Heated Tile Floor on Slab

If you didn’t know, we bought a house about a year ago to completely renovate. To see what we started with make sure you check out the before tour. This house was a two bedroom one bath built-in the 1950s. At one point the owners added on to the front of the house, creating a larger master bedroom and a front entryway. While the bedroom was conditioned, the front entryway was not. As you can imagine, in Michigan we have pretty cold winters. So we decided it would be a good idea to temper this space with a heated tile floor. I’ve never laid a heated tile floor before but I knew there couldn’t be that much to it, so I enlisted the help of my father-in-law who happens to know a bit about flooring and we got started. Follow along to see how it all went down.

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Heated Tile 1

Heated Tile

Installing a Heated Tile Floor on a Concrete Slab

For this project we went with the DITRA-HEAT mat from Schluter. Not only does this product gives us the stud structure that will accept the heat wire but it is a waterproofing membrane and it has an uncoupling feature. The uncoupling feature of the mat allows the tile and the floor to move independently of one another, therefore reducing the chances of cracking. Schulter has a great set of instructions that will go into much more detail however, I am going to give you a quick look at how my project went.

Laying the Mat

Adhere the mat to the floor with thin-set mortar. Mix it with water to a consistency that will drip but still hold a trowel notch.

DIY Heated Tile Floor Tutorial 1

Spread the thin-set with a 1/4″ x 1/4″ (6 mm x 6 mm) square-notched trowel making sure you have complete coverage under the mat.

DIY Heated Tile Floor Tutorial 2

Roll the mat into place and press down firmly all over. Then peel back a section of the mat to assure the thin-set has soaked into the fleece on the back of the mat completely.

DIY Heated Tile Floor Tutorial 3

Installing the Heating Element

Before you start doing this there is a bunch of testing you are supposed to do to verify the heating element is working as it should. All that info is in the Schluter handbook and very boring so I’m going to skip those details in this article. If you are doing this yourself I recommend following the Schluter handbook.

Installing the heat wire into the mat is pretty simple. Just press it in between the studs with a piece of wood or a tile float, spacing the wire 3 studs apart.

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We also need to install the thermostat sensors. They give you two to install just in case one starts acting up, you can switch over to the other without having to replace the floor to put in a new sensor. Not a bad idea.

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The end of the heating element and sensors that connects to the thermostat should be ran up the inside of the wall to the wall thermostat electrical box location. Some areas require conduit by code.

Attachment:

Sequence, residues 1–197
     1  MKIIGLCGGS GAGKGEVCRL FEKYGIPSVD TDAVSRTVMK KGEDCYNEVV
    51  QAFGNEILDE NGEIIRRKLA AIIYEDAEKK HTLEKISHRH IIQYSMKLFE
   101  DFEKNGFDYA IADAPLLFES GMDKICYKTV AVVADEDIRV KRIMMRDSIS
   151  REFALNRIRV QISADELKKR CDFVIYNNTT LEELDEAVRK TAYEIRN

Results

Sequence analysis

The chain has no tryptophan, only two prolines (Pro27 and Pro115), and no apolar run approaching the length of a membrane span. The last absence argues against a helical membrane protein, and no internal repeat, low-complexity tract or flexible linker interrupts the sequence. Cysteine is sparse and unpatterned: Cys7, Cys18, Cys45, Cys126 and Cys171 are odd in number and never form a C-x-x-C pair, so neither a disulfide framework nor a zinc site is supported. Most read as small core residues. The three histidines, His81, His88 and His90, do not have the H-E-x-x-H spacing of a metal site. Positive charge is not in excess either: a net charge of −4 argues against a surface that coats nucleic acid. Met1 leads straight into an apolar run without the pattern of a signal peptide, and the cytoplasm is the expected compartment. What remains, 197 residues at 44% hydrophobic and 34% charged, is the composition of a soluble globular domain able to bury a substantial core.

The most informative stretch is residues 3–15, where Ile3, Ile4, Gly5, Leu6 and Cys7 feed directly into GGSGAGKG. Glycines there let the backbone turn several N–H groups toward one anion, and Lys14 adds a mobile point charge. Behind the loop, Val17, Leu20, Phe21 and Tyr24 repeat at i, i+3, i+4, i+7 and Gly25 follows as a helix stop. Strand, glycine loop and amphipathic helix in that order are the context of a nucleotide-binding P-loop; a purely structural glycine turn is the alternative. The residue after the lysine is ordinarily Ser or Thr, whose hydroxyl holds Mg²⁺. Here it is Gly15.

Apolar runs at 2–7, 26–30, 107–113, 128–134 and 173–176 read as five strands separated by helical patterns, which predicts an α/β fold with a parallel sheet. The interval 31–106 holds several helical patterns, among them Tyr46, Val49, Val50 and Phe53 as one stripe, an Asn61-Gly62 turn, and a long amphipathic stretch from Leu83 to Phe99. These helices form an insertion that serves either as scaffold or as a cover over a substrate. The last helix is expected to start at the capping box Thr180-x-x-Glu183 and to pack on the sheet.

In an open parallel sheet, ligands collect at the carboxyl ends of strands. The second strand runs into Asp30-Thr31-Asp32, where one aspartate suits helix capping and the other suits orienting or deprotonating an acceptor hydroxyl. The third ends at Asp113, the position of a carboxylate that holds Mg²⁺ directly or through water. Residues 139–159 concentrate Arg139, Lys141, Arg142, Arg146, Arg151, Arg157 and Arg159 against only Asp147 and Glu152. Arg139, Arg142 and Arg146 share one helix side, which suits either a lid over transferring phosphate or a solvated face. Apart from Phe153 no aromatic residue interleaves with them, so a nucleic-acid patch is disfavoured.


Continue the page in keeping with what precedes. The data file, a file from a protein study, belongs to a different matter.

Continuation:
Laying the Tile

To lay the tile, first mix up some unmodified thin-set mortar and fill in between the studs by pushing it into the mat and towelling over the top until the mat is full of thin-set. Then, do a dry layout of your first row with spacers to see how to cut the end tiles to center the row within the room.

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Now spread the thin-set with an appropriate size trowel for your tile.

3/16″ to 1/4″ V-notch = Mosaics tiles
1/4″ x 1/4″ Square notch = 4″ to 8″ tile
1/4″ x 3/8″ Square notch = 8″ to 16″ tile
1/2″ x 1/2″ Square notch = 16″ and larger

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When laying the tile it may be necessary to back butter the tile to ensure good coverage. You can check this by lifting a tile after setting it and checking the bottom to see how much thin-set actually makes contact with the bottom of the tile. Also make sure to use spacers for even spacing and assure the corners and edges of the tiles are level with the adjacent tiles.

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Mix up the appropriate grout for your tile gaps to a peanut butter like consistency.

Sanded Grout = gaps < 1/8″
Unsanded Grout = 1/8″ < gaps < 3/8″
Heavily Sanded Grout = 3/8″ < gaps

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Then spread the grout into the joints with a tile float.

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Remove any excess grout and wipe off with a clean wet sponge. Use a bucket of water to clean the sponge after every few passes or else you’ll end up with streaks.

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Installing the Thermostat

You’ll need power at the thermostat so if you don’t know how to do this consult an electrician. With power at the box (breaker turned off) connect your power, sensor and heating element to the thermostat per the instructions and install into the electrical box. Flip the power on, set your floor temp and enjoy!

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Questions? Comments?

As always, if you have any questions don’t hesitate to comment below and especially don’t forget to post pictures of your finished products in the comments! ENJOY!

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